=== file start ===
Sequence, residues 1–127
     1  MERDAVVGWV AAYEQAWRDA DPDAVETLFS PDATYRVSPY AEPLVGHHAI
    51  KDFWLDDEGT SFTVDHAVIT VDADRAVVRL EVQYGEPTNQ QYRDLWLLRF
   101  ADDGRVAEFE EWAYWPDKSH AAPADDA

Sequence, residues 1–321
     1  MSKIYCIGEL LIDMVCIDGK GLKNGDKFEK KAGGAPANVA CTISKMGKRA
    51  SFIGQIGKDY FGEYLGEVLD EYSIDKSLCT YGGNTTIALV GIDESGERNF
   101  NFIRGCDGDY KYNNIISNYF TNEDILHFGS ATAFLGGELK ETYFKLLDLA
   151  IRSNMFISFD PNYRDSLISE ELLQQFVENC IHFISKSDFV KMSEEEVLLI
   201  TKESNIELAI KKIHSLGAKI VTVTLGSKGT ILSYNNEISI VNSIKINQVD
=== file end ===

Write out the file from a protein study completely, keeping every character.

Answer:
Sequence, residues 1–127
     1  MERDAVVGWV AAYEQAWRDA DPDAVETLFS PDATYRVSPY AEPLVGHHAI
    51  KDFWLDDEGT SFTVDHAVIT VDADRAVVRL EVQYGEPTNQ QYRDLWLLRF
   101  ADDGRVAEFE EWAYWPDKSH AAPADDA

Sequence, residues 1–321
     1  MSKIYCIGEL LIDMVCIDGK GLKNGDKFEK KAGGAPANVA CTISKMGKRA
    51  SFIGQIGKDY FGEYLGEVLD EYSIDKSLCT YGGNTTIALV GIDESGERNF
   101  NFIRGCDGDY KYNNIISNYF TNEDILHFGS ATAFLGGELK ETYFKLLDLA
   151  IRSNMFISFD PNYRDSLISE ELLQQFVENC IHFISKSDFV KMSEEEVLLI
   201  TKESNIELAI KKIHSLGAKI VTVTLGSKGT ILSYNNEISI VNSIKINQVD